Creating a Joyous Holiday in the Midst of Alzheimer’s
The holidays are times when we enjoy traditions and reminisce about our most memorable celebrations. For those who are caring for someone living with Alzheimer’s, the holidays can be challenging, as loved ones may no longer appreciate the season as they once did. Add in the normal hustle and bustle of the holidays and caregiver stress can quickly become unmanageable. Here are some tips to creating a joyous holiday, even while caring for a loved one.
Beloved traditions may need some tweaking to adjust to new circumstances. Know that you can still have a wonderful holiday. Enjoy simply being together. Let friends and other relatives know that you may be cutting back on certain activities and that you’ll be thinking of them even if you can’t get together.
Make a plan
Determine what’s most important to you and how you can make your personal traditions part of your new reality. Identify areas where you may need some help, either from family members or outside help. Call a family meeting if necessary and determine what activities will stay, what will get cut and what new traditions to start.
Don’t be afraid to invite others over
If you used to enjoy entertaining and seeing friends, consider having a few close friends over to celebrate the season. Prepare visitors in advance of your loved one’s condition so they know what to expect. Let your loved one know of who’s coming and provide pictures of them beforehand if possible. Consider having guests wear nametags. Finally, have a quiet space where he or she can go if the party becomes overwhelming.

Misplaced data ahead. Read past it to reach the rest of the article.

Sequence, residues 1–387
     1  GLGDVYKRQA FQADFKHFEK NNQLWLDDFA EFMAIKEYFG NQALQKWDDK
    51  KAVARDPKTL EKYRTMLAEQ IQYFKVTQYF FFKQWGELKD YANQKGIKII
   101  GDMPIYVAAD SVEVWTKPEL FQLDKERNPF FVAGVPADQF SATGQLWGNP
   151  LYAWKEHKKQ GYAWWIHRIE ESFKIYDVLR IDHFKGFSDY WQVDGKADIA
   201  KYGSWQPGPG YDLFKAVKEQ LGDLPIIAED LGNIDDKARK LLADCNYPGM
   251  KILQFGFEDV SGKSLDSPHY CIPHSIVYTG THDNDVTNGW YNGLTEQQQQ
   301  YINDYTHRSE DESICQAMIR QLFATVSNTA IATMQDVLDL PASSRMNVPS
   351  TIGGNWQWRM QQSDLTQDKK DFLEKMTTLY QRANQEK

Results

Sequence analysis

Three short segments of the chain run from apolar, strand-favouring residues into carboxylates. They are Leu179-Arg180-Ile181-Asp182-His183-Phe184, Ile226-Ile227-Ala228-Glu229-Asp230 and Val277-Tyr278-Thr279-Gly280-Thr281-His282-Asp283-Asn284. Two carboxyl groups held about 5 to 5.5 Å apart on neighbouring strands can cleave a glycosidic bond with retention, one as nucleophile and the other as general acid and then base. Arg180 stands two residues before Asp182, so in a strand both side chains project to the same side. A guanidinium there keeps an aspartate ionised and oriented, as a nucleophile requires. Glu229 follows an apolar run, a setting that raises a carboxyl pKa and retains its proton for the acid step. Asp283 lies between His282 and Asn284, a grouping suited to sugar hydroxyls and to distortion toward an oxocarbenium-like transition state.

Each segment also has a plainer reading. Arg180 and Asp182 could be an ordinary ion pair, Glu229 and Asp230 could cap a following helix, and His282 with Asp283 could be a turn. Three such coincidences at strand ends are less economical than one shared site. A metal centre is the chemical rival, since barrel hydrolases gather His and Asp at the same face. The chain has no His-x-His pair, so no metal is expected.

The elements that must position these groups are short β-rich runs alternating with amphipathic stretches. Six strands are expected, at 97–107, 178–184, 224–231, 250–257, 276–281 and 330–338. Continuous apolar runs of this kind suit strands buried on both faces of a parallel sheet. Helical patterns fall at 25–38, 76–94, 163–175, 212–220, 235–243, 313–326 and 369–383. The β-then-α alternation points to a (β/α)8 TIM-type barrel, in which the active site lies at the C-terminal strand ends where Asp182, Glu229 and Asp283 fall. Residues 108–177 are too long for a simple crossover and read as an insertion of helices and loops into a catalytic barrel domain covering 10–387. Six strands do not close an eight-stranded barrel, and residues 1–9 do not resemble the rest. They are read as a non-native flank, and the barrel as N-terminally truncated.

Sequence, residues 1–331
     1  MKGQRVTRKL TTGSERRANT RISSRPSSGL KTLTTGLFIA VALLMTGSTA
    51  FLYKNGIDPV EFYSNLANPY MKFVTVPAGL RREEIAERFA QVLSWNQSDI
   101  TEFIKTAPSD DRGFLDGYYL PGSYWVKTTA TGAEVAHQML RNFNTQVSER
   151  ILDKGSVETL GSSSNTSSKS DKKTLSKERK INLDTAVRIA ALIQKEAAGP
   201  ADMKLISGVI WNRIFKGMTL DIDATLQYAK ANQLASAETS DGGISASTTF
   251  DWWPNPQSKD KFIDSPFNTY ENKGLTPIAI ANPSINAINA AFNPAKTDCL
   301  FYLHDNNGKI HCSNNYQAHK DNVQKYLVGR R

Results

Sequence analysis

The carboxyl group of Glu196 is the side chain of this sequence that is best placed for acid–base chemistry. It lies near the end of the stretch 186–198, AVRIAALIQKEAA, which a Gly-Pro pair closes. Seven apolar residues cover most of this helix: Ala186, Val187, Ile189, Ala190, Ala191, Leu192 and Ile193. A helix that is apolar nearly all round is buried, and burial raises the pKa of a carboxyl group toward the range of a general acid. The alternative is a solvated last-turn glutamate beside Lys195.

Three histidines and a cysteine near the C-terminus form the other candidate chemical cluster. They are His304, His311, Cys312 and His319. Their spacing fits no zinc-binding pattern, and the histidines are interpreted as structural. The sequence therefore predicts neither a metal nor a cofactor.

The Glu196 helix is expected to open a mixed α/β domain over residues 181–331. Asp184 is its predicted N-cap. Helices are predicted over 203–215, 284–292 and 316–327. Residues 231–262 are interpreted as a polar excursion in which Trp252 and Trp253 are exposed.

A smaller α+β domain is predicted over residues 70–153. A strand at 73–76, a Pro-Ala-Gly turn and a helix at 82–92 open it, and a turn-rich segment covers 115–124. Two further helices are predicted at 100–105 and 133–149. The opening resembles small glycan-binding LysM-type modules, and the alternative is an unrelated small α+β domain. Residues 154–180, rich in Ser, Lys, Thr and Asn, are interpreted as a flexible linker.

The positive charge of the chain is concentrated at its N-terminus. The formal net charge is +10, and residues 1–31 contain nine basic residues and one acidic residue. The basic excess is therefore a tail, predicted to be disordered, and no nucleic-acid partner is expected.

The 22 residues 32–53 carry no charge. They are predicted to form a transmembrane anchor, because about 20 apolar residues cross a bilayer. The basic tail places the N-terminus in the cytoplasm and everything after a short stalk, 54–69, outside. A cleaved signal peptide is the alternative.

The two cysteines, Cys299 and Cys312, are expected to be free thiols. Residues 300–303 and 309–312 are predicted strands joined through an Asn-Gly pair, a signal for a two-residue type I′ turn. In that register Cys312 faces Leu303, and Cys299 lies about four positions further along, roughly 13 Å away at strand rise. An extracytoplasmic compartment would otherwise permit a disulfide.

Involve your loved one in holiday plans
Your loved one may still have memories of past holidays. Ask them to share their memories with you. Bring out photo albums, play holiday music and bake cookies or something else the two of you used to do together. If you’re planning a party, invite them to help with cooking or decorating. Giving them a purpose will make them feel part of what’s going on and more receptive to the event itself.
Your loved one’s diminishing cognition may make usual gifts unusable or even dangerous. Framed pictures of the two of you can ignite memories and make your loved one feel connected. Special lotions, soaps and shampoos can still be enjoyed and make the recipient feel pampered and cared for. Anything that stimulates the senses is a good gift and can include home-baked cookies and cakes. Soft, comfortable clothing that’s easy to put on and take off is also a good choice.
Create some “me time”
Caregiving doesn’t mean you have to give up your life. Make some time to spend with friends, go shopping and do anything that brings you joy. Continue your healthcare regimen, which may include exercising, going to the doctor, or meditating. If you’re the primary caregiver for your loved one, ask a family member or friend to stay with them while you spend time taking care of your needs. Or hire an in-home caregiver to provide some respite care.